They say you can never go back and that old adage pretty well holds true. We have never had any intention of moving back to Park City but we were curious to see the town where our kids had grown up, taken first communion, got their drivers licenses (well one of ‘em did, the other others drove around illegally) and graduated from high school. It’s really cool that they are still in touch with many of their classmates, some of whom became Olympians and many of whom still live in Park City, or in the general area. Jake Hanley is one of those, a kid who went to school with Josh and Andy and is now some twenty years later the head professional at The Jeremy, Park City’s featured golf resort. It is easy to understand why some never want to leave the area.

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We had four favorite restaurants there: The Grappa, The Claimjumper, Alex’s and Szechwan. Josh worked at Szechwan from when he was still in Middle School through graduation from High School, Jake would help out there as well, Rob worked The Claimjumper one summer and Andy worked at the Samsonite store at the outlet mall.

The Grappa was located in what was an old hotel at the top of historic Main Street and which was the last stop on the infamous pub crawl that would start at the bottom of Main Street, hit almost every bar on the “street” and end at the bar in the old hotel which I believe was then called The Blue Onion. The floor of the bar was on an angle and even in our drunken states you could tell that the old building had settled. In Utah, the waitresses and waiters had to wear name badges with numbers on them, and the girl who was usually there was Deb ’69, a big woman with an even bigger dog that could leap the bar counter if so urged and scare the living “shit” out of you if you weren’t prepared. Fun times. Bill White would become one of Park City’s emerging chef-owners and his first venture was a Tuscan-style restaurant called The Grappa. Lots of nooks and crannies, romantic alcoves, lighting and great food. If you are ever there it is a must-stop.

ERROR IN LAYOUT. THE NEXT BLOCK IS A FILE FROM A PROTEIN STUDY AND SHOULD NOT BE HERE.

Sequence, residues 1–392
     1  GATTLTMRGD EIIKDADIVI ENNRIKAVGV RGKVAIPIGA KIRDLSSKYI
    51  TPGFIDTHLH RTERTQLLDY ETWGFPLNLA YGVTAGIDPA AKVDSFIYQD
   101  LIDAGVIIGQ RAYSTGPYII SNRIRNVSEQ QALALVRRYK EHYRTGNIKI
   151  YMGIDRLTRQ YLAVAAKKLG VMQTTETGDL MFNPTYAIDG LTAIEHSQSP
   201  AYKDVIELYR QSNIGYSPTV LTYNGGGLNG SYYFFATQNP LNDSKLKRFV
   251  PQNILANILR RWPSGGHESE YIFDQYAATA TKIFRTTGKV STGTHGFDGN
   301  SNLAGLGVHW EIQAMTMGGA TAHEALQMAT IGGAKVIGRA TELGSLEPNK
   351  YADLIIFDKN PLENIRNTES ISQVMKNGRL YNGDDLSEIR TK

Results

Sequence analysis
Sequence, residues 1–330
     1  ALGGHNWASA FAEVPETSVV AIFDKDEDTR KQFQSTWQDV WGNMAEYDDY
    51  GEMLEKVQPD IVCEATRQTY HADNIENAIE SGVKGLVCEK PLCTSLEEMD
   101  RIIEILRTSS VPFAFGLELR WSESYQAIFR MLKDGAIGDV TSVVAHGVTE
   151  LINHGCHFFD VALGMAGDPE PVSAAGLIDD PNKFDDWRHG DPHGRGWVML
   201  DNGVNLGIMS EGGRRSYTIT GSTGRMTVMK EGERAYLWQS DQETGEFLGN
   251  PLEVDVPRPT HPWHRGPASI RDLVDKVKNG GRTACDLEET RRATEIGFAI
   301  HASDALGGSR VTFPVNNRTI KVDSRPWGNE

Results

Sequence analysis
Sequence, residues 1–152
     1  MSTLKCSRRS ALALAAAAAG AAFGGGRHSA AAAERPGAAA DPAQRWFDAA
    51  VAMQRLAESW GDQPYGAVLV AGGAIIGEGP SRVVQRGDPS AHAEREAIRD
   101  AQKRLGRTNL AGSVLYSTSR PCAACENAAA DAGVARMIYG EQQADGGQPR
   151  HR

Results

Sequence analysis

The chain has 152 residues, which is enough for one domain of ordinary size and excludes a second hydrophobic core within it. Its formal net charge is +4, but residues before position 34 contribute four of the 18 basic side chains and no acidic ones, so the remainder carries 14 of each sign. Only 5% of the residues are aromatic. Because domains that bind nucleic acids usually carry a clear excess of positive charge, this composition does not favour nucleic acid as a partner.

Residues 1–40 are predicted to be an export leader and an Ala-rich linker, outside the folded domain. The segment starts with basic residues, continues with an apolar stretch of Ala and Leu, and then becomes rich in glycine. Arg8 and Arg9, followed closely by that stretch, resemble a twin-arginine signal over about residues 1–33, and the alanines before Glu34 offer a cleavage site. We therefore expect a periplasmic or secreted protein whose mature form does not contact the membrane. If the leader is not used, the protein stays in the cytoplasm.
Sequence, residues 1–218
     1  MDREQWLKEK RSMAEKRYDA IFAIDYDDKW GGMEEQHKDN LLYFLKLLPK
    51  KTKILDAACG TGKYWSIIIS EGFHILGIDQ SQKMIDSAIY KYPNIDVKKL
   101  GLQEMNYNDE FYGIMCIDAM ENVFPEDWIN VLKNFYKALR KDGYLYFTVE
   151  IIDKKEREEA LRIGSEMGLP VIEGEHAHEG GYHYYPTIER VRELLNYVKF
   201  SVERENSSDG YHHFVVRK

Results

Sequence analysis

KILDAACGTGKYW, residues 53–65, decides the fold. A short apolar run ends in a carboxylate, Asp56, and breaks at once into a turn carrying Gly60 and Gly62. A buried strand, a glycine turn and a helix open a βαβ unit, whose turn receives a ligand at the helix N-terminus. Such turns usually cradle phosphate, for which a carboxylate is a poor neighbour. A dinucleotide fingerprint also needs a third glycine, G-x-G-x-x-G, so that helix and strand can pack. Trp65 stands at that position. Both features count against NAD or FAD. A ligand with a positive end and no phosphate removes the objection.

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The Claimjumper was an authentic old-style western steakhouse. Pretty simple menu – meat (the famous baseball steak and the best Prime Rib), baked potato, a great salad and wine in a room with a see-through kitchen. There was also trout, Alaskan King Crab and chicken for the meat-conscious folks and everybody loved the mud pie for dessert. Overflow crowds would eat in The Down Under, a truly dim room below the main floor with a long western-style bar and tables and accessible from the street. There was live music on the weekends and lots of hooting and hollering, and drinking. As a matter of fact, there was a lot of drinking all over Park City despite the obvious Mormon presence. An oasis in a desert of white. I had my offices on the top floor of The Claimjumper that had also been a hotel back in the day and was then converted to offices, and during the winter, and on particularly good snow days, I could leave the office, hop the Old Town Lift Chair and be skiing in ten minutes. Most days I would make it back for some more work. Alas the building is deserted now, kind of an eyesore on a very pretty Main street, but still a reminder of good times gone by.

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Alex’s obviously was named for Alex whose last name I cannot remember. He and his wife Mireille set up shop in a small space on lower Main street that was accessible both from Main Street and from Swede Alley. His menus were always creative, the food always fresh and we became quite good friends once we found that we could converse in a couple of different languages. Over the years Alex opened several other restaurants, including the Goldener Hirsch in Deer Valley and a lease arrangement with The Snowed Inn out on Route 240. Both of these restaurants were a little out of Alex’s element, one being German and the other kind of American-leaning cuisine and while Alex brought his flair and cooking expertise to both places they really never caught on and he would retreat to Alex’s once more. On any given night you would find Hollywood celebrities there and it was to everyone’s delight that he was back on Main Street. I don’t know where Alex is these days, but his restaurant is now a shabbu place. Yup. You can’t go back.